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My Lords, I refer to my interests, as listed in the register.
It is welcome that the Government have referred to social care in the gracious Speech. However, adult social care is in crisis and has been for a number of years. The issues of cost and funding will only get more difficult if Governments are not willing to see the social care sector through the same lens as they see the NHS. As a provider of homecare over the last 20 years, I am aware that, with a reduction in funding and in the time available for care workers to deliver care calls, the increasing requirements imposed on providers by local authorities cannot be met.
We all recognise that we have a growing ageing population. Living longer should be not a burden but a celebration. It should be recognised as a sign of improved living standards. However, it appears that, although politicians are willing to go out and actively and publicly claim their admiration and affection for the NHS—they are absolutely right to do so—it is not about loving the NHS so much as loving the people who work in it and the people who are looked after by it. Why cannot politicians do the same in relation to the incredible and challenging work carried out by those delivering adult social care within our communities? Millions of people depend on the services of trained, poorly paid care staff, who provide a lifeline to families struggling to care for their loved ones.
I will focus on adult social care, predominantly around the older age group. Care staff deliver care across all age groups and to people with varying degrees of disabilities, whether they are physical or unseen disabilities. For far too long, the social care sector has required a fundamental shift in how that care is delivered. Instead of tinkering around the edges with intermittent small injections of funding to fend off crisis after crisis, a total rethink is needed of how care within the community setting is delivered. There is already a challenge in making the care sector an attractive place to work. Pay is low and the working conditions are deeply challenging, and an expectation of increasing responsibilities is making care work an ever-demanding job that offers few benefits but increases stress for both care workers and families.
Recruitment in the care sector has hit an all-time low. Providers are worried about the tone that has been taken in the Brexit debate on immigrants and immigration, and they fear that care provision will face serious employment problems. Filling vacancies is already extremely difficult. It is unrealistic to assume that the gap will be filled by local people because, as is evident in the NHS, those posts have always required immigrants to come in to support our critical infrastructures. The Government are talking about a points-based system and skilled workers being welcome in the UK. However, unless we are able to provide home-grown workforces to deliver for an increasingly ageing population, our hospitals will have further expensive challenges thrust upon them.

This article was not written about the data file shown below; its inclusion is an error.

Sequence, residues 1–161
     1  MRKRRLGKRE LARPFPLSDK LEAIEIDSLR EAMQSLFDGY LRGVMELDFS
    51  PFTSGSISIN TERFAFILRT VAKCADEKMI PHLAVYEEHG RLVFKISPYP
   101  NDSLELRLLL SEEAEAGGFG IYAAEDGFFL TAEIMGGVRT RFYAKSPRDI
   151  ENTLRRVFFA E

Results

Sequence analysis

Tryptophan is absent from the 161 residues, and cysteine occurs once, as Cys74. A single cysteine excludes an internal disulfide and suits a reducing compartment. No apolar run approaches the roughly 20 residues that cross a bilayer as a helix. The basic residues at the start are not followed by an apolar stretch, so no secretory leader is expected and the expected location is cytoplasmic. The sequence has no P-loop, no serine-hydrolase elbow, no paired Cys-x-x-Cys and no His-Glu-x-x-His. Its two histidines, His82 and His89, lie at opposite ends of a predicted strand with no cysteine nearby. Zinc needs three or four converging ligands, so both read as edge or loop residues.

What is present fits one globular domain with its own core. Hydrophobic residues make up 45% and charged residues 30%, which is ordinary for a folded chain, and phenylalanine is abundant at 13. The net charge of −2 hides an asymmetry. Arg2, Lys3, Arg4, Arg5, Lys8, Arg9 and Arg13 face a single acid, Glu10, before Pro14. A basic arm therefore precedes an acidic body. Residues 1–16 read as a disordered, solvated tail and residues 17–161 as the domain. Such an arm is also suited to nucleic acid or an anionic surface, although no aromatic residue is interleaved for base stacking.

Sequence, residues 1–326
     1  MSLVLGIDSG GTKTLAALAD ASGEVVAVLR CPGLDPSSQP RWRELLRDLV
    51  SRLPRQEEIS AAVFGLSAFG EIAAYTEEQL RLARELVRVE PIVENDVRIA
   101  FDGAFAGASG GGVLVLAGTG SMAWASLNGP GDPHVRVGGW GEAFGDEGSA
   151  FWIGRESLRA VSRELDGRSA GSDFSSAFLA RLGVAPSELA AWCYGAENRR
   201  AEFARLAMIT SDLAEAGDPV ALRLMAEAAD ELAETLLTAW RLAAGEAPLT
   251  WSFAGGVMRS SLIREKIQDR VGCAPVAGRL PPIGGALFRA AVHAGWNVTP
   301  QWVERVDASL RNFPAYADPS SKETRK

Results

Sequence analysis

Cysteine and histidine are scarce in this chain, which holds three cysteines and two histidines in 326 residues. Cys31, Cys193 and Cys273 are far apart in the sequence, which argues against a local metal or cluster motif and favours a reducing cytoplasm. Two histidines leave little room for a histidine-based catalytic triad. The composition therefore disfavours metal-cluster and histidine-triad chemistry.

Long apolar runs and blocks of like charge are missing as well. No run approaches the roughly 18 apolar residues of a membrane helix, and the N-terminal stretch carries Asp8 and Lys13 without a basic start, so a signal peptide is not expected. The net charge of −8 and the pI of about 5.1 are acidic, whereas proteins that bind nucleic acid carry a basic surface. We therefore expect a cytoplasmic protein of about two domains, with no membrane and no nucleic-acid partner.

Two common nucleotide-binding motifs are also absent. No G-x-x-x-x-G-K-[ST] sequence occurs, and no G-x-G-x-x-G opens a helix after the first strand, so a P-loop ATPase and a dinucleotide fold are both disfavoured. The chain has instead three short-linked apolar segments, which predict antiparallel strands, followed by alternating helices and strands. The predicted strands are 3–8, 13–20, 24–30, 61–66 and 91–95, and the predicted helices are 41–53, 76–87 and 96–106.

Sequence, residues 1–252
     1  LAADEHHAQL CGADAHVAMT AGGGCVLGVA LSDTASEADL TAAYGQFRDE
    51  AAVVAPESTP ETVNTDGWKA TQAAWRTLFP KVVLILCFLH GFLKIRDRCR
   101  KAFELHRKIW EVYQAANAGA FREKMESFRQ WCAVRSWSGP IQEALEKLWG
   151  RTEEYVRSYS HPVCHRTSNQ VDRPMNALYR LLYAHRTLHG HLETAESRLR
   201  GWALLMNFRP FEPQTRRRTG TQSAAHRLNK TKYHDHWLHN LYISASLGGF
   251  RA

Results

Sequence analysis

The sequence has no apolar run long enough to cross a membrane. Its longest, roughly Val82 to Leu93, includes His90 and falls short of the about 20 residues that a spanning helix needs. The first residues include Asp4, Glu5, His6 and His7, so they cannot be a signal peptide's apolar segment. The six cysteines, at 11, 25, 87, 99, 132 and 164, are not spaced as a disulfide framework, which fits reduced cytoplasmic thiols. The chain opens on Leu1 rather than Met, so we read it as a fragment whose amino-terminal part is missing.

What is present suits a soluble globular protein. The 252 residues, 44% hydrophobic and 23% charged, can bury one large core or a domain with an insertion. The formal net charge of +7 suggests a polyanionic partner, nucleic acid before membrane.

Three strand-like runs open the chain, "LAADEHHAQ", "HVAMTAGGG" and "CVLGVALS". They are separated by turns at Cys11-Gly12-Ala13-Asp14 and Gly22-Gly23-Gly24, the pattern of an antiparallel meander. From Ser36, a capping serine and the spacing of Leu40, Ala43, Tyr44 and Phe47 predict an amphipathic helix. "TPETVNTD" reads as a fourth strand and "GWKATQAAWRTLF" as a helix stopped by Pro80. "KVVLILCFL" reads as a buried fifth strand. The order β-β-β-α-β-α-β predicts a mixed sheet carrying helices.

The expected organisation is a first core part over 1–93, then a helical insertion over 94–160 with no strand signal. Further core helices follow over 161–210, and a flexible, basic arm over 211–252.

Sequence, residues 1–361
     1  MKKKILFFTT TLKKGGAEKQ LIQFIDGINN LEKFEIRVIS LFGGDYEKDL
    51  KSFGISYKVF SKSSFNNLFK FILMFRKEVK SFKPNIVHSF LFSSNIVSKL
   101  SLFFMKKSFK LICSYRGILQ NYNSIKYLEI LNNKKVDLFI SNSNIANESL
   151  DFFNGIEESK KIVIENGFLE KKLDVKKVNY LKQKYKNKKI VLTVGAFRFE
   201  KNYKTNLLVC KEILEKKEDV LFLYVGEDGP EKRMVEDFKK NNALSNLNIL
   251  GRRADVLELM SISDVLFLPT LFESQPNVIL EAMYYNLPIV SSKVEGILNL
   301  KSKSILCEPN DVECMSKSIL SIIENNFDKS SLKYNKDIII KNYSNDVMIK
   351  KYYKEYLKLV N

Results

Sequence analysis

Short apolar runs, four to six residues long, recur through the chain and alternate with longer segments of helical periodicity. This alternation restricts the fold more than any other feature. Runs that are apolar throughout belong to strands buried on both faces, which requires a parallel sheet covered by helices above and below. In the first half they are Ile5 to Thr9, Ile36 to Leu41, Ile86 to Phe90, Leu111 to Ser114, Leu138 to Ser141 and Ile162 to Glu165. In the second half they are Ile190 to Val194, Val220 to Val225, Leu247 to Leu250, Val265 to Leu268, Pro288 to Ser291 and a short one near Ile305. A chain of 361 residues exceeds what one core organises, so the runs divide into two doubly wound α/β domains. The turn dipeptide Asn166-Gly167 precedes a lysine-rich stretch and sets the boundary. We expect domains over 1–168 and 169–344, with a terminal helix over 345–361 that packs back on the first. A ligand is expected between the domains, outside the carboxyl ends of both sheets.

A realistic and pragmatic approach has to be taken to respond to the challenges that we face. Unless there is a fundamental shift in how care provision is viewed in this country, people who have worked throughout their lives and contributed to the growth of this great nation will increasingly be airbrushed out of society and out of government commitments. They are not seen as vote-winners or contributors. Although we have a housing crisis, it should not be acceptable for people wishing to downsize to smaller properties as they get older to have no available provision, or choice about where they spend their later years. Going into a residential home or a nursing home should not be among the few options available. It seems that, once you have less to offer, you are redundant and surplus to requirements, and can be put out of sight and out of mind. What a reflection of the country we are becoming.
The one inevitability in our lives is that we will grow old. Surely, it is not beyond our wit to develop a care system that provides care, dignity and independence. The feedback that we continually receive from our clients and their families is that care must be about more than just addressing physical needs such as washing, showering and toileting. It is about mental well-being and continuing to engage with the community at large. It is about being socially active and feeling valued. Offering a more holistic approach to care in a community setting would fundamentally reduce the pressures associated with people having to visit the NHS.
Although we talk about NHS staff with affection, care staff in the community are viewed in a completely negative way. Both systems support people in our communities, yet the care sector, which acts as a complete support system for millions of families, is, unfortunately, disregarded. I urge the Government to rethink how care provision is delivered and funded, and not to make it the Cinderella arm of looking after people. The demands associated with health and well-being will not reduce; instead, as we grow in number, they will increase. Unless we see a fundamental shift in how care provision is funded and care staff are rewarded in their pay packets, this crisis will most definitely grow and create unsustainable pressure on the NHS.